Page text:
With reference to FIGS. 4 and 5, second movable barrel 10 is connected by a helicoid coupling to first movable barrel 9 as in the first embodiment. When rotated, second movable barrel 10 is movable along the optical axis relative to first movable barrel 9. In addition, radially projecting guide portion 41 is fixed to the circumference at the rear end of second movable barrel 10 in place of recess 10a in the first embodiment. The head of guide portion 41 engages guide groove 44b of relay ring 44. Relay ring 44 is rotatably supported by fixed barrel 15 with projection 44a being engaged by circumferential groove 15a formed circumferentially on the inner surface of fixed barrel 15. Formed on the inner circumferential surface of relay ring 44 is guide groove 44b extending parallel to the optical axis, with which the head of guide portion 41 is slidably engaged. Also formed at the rear end of relay ring 44 is engaging claw 44c which is engageable with engaging claw 31b formed on actuating ring 31. The length of guide groove 44b is set such that guide portion 41 of second movable barrel 10 remains unremoved from guide groove 44b of relay ring 44 even when second movable barrel 10 is translated along the optical axis. Furthermore, one end of spring 49 is fixed to the top end of arm member 21 which is fixed to second movable barrel 10, while the other end of spring 49 is fixed to first movable barrel 9. When second movable barrel 10 is free of external force, arm member 21 fixed to second movable barrel 10 abuts stopper 24 under the action of spring 49.

With the present embodiment, second movable barrel 10 is maintained at a predetermined angular position relative to first movable barrel 9 by virtue of spring 49 and stopper 24, and therefore, springs 22 and 23 in the first embodiment are not provided therein. In addition, the connection between actuating ring 31 and second movable barrel 10 is made in the present embodiment by way of engaging claw 31b of actuating ring 31 and engaging claw 44c of relay ring 44. In the above embodiment, the amount of axial movement of second movable barrel 10 relative to first movable barrel 9 is also limited or restricted by stoppers 24 and 25. The interval between stoppers 24 and 25 is set such that second movable barrel 10 is movable along the optical axis as much as 2 mm for first movable barrel 9. Furthermore, movable gear 34 is interposed between pinion gear 32 and gear portion 31a of actuating ring 31, and movable gear 34 is movable in the direction of arrows A and B. When automatic focus operating switch (not shown) is opened, movable gear 34 is moved from the position shown in the Figure in the direction of arrow B to be disengaged from gear portion 31a of actuating ring 31, whereby gear portion 31a is not driven by motor 33.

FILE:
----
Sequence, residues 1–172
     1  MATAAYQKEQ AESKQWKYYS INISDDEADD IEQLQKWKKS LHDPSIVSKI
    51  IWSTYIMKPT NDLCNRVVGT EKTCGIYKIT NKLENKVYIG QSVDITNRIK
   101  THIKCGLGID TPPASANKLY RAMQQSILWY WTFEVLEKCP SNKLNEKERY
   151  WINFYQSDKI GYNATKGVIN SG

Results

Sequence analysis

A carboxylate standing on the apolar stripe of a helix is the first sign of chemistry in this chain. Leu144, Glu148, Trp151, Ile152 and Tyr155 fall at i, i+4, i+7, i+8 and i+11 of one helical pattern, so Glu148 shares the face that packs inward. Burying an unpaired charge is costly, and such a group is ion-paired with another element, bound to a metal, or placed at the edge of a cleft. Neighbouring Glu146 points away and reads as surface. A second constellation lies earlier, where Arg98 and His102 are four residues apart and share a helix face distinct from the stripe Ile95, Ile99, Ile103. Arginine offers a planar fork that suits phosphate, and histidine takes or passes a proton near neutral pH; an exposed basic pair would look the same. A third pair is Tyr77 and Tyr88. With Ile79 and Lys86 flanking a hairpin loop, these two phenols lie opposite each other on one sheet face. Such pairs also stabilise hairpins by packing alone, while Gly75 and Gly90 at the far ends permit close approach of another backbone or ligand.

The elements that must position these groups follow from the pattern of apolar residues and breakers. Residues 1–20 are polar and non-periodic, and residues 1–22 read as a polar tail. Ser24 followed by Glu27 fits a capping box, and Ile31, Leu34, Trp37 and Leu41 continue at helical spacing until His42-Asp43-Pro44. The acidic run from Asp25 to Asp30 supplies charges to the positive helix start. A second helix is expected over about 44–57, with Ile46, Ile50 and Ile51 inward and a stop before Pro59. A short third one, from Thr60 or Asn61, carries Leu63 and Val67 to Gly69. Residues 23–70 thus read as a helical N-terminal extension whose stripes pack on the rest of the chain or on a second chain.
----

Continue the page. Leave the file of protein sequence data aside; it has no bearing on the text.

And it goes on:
With the above construction, manual focusing is performed in exactly the same manner as in the first embodiment. In the instant case, guide portion 41 fixed to second movable barrel 10 slides on guide groove 44b of relay ring 44.

When the automatic focus operating switch (not shown) is closed, movable gear 34 is moved in the direction of arrow A to the position shown in FIG. 5 where it meshes with both pinion gear 32 and gear portion 31a. When motor 33 is rotated while it is controlled by an automatic focus control device (not shown), second movable barrel 10 is rotated through relay ring 44, and thus moved along the optical axis relative to first movable barrel 9. The amount of movement of second movable barrel 10 relative to first movable barrel 9 is restricted by stoppers 24 and 25, as described earlier. Thus, lenses 4 through 6 held by second movable barrel 10 are moved relative to lenses 1 through 3 held by first movable barrel 9, whereby automatic focusing is performed. In the second embodiment, automatic focus control is possible with lenses 1 through 6 being left at any position on the optical axis. Therefore, automatic focus control may be quickly performed when focusing for an object is roughly made by the manual focus control prior to changeover to automatic focus control.

When the automatic focus operating switch (not shown) is opened, motor 33 and actuating ring 31 are disconnected from each other, as described earlier, thereby causing second movable barrel 10, relay ring 44 and actuating ring 31 to be all reset to the position as shown in FIG. 5. With the above embodiment, motor 33 serves to rotate actuating ring 31 only in one direction. Accordingly the motor may be replaced by a spring to rotate actuating ring 31, and the rotation of actuating ring 31 is stopped after a lapse of any desired time from the intiation of the rotation according to the output signal from an automatic focus control device.